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Association Between Thyroid Hormone Status and Trace Elements in Serum of Patients with Nodular Goiter

  • Victor I. Kravchenko
  • Iryna M. Andrusyshyna
  • Ihor A. Luzanchuk
  • Maksym O. PolumbrykEmail author
  • Yuriy M. Tarashchenko
Article
  • 16 Downloads

Abstract

The present study investigated the status of calcium and magnesium as well as essential trace elements including iodine, selenium, copper, iron, and zinc in adults residing in the Zhytomyr region of Ukraine. In addition, the relative risk of goiter occurrence was evaluated. In this comparative study, 40 adults without goiter (control group) and 16 adults with diagnosed nodular goiter (NG) were examined. Inductively coupled plasma optical emission spectrometry (ICP-OES) was used for the measurements of Mg, Ca, Se, Zn, Cu, and Fe in serum of patients with NG and control group. Patients with nodular goiter had lower serum values of Ca, Mg, Se, Cu, Fe, and Zn than those in the control group. The presence of mild iodine deficiency was evident in both groups with the median urinary iodine excretion (UIE) 80.5 μg/L in the control group and 64.5 μg/L in goiter group. There was a positive association between goiter presence and low concentration of Ca in serum (odds ratio (OR) = 2.29 (1.26–3.55), p < 0.05) in the NG group. High relative risk of goiter was observed at low concentrations of magnesium (OR = 3.33 (1.39–7.62), p < 0.05) and selenium (OR = 1.63, (1.16–1.78), p < 0.05) in comparison with OR values in the control group. Low concentrations of Ca, Mg, Zn, and Se in serum combined with reduced UIE resulted in the highest risk of goiter (OR = 12.5, (2.15–79.42), p < 0.01). This study proved that Thyroglobulin concentration in serum is the reliable indicator of nodular goiter. We also suggest that a combination of low concentrations of Ca, Mg, Zn, Cu, and Se in blood serum, and reduced iodine concentration in urine resulted in the highest risk of nodular goiter development.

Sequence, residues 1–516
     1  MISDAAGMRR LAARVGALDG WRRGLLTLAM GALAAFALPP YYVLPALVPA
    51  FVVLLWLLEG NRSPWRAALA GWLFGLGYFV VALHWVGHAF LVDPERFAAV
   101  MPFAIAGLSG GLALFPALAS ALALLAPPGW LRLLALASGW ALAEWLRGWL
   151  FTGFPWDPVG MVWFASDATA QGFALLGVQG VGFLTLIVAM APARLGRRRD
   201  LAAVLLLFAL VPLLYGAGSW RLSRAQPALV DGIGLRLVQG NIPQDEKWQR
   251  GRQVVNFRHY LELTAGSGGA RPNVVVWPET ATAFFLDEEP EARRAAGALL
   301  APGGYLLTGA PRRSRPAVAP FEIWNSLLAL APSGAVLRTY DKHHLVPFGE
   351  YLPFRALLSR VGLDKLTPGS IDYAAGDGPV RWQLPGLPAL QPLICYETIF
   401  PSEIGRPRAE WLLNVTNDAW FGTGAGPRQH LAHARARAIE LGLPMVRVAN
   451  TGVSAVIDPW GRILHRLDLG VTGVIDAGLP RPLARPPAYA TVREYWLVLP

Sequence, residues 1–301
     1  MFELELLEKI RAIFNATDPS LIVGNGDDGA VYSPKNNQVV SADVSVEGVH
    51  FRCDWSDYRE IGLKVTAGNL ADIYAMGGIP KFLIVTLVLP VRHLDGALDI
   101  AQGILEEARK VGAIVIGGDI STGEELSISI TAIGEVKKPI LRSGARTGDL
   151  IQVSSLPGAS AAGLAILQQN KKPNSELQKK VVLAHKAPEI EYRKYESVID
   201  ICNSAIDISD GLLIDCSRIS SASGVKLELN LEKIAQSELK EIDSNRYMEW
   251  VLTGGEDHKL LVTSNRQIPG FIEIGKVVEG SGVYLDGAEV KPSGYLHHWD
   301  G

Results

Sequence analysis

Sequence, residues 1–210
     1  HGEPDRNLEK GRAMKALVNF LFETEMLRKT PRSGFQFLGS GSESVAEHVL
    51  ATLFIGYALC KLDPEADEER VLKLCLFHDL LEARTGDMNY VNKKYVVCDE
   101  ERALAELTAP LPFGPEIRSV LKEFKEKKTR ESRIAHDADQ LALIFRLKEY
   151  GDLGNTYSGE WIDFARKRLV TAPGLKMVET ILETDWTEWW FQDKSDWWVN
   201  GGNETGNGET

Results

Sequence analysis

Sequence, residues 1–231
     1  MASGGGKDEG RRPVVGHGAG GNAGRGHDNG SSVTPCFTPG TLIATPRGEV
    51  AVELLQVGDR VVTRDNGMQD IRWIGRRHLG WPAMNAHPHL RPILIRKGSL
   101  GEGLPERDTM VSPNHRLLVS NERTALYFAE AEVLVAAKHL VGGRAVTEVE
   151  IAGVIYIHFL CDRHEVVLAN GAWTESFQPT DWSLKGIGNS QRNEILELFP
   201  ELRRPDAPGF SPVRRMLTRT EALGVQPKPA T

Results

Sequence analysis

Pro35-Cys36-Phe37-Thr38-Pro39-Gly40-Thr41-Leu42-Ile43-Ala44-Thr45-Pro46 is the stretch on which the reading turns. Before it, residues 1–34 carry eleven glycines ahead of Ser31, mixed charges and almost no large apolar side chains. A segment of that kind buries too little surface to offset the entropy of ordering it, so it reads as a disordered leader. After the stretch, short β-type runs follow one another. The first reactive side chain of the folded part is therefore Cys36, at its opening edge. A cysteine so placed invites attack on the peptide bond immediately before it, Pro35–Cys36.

Keywords

Nodular goiter Thyroid gland Thyroid hormones Iodine Selenium 

Notes

Acknowledgments

The authors are grateful to the staff of Laboratory of Analytical Chemistry and Monitoring of Toxic Compounds for their help and instrumental support. Also, the authors are thankful to Prof. Mykola Tronko for his valuable comments and help.

Compliance with Ethical Standards

The study protocol was approved by the Ethics Committee of V.P. Komissarenko Institute of Endocrinology and Metabolism and all participants gave informed consent before blood and urine sampling.

Conflict of Interest

The authors declare that they have no conflict of interest.

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© Springer Science+Business Media, LLC, part of Springer Nature 2019

Authors and Affiliations

  1. 1.Department of Epidemiology of Endocrine DiseasesInstitute of Endocrinology and Metabolism of National Academy of Medical Sciences of UkraineKyivUkraine
  2. 2.Laboratory of Analytical Chemistry and Monitoring Of Toxic CompoundsInstitute of Medicine of Labor of National Academy of Medical Sciences of UkraineKyivUkraine
  3. 3.Laboratory of the Advanced Food StudiesNational University of Food TechnologiesKyivUkraine

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